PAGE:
When the down counter 331 counts down the preset value SHIFT, a borrow occurs with the result that the counter output *SHIFTEND goes low. However, since the signal *SHIFTEND is applied to the clock terminal CLK of the F/F 334 via the AND gate 333 and since the the F/F 334 has been preset by the inverted signal *LSYNC of the signal LSYNC and has caused the input D (=output *Q) thereof to go low, the Q output *ADRSENB of the F/F 334 goes low at the leading edge of the counter output S*SHIFTEND. Further, since the output *SHIFTEND of the down counter 331 and the clock signal CLK are applied to the down counter 332, the preset value DOT is loaded. Thereafter, the down counter 332 sequentially counts down in synchronism with the clock CLK. When the down counter 332 has counted down the preset value DOT, a borrow occurs with the result that the output *DOTEND of the counter 332 goes low. However, the Q output *ADFSENDB of the F/F 334 goes high since the signal *DOTEND is applied to the clock terminal CLK of the F/F 334 via the AND gate 333.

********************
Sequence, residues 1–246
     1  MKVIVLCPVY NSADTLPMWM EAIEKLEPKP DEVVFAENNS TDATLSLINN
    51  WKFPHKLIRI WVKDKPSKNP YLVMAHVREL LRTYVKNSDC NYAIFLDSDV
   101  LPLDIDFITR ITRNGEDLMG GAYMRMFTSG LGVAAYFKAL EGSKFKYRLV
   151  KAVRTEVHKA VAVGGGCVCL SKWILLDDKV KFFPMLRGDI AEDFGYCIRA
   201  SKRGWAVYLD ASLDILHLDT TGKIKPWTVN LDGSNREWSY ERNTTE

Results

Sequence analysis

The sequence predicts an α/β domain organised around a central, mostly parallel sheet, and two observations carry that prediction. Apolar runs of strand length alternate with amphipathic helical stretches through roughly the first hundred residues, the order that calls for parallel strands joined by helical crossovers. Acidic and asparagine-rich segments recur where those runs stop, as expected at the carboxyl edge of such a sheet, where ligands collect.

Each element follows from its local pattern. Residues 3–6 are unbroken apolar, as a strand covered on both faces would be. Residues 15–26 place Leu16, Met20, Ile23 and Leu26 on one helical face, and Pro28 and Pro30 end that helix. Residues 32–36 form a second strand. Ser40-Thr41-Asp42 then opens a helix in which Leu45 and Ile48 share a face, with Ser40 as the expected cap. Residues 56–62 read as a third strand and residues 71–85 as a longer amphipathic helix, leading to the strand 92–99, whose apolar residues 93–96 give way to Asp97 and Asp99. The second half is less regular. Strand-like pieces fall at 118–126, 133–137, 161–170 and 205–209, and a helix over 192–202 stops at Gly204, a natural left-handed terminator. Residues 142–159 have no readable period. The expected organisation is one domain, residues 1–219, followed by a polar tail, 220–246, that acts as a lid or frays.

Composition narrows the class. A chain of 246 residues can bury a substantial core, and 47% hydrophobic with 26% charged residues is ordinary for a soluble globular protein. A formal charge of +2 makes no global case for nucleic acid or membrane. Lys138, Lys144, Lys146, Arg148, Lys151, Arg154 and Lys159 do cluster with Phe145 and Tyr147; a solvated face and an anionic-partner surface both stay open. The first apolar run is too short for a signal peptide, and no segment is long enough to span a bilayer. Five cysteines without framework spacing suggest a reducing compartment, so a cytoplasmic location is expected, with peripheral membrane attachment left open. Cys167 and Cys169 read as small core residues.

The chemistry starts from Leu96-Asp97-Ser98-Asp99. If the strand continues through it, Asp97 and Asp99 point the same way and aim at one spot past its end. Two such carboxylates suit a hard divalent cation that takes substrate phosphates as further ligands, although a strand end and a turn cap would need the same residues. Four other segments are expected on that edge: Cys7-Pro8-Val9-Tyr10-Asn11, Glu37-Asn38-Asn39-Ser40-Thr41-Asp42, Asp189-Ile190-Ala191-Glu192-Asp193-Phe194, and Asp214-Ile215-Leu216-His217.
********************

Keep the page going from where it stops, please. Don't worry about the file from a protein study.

The counter 335 is operated as follows. The memory control section 305 presets the initial value WADINIT 0-23 of the write address on the preset input of the counter 335 via the write address setting section 340. The initial value WADINIT 0-23 is loaded by a load signal *WINT8ST which goes low for one clock pulse from the beginning of the output WINT8 of the write line counting section 350. As a result, the address WADRS 0-23 for the memory section 302 is set at the initial value WADINIT 0-23. Since the Q output *ADRSENB of the F/F 334 is input to the count enable terminal EP of the counter 335, the counter 335 does not count up when *ADRSENB is in a high level, preventing the write address WADRS 0-23 from changing. When the Q output *ADRSENB goes low, the counter 335 counts up to update the write address WADRS 0-23 with the result that one line of image data present in the document width DOT is written to the memory section 302. Also, the Q output *ADRSENB is applied to the read address generating section 390, as will be described with reference to FIGS. 17 and 18.

As shown in FIG. 12, the write address setting section 340 is implemented by a parallel I/O (Input/Output) 341. The memory control section 305 calculates the initial value WADSET 0-23 of the write address on the basis of the output DATAWIDTH of the width detecting section 310 and the output WINT8 of the write line counting section 350 and feeds the initial value WADSET 0-23 to the input IN of the parallel I/O 341. The parallel I/O 341 holds the value WADSET 0-23 as the initial value WADINIT 0-23 until the next initial value WADSET 0-23 arrives.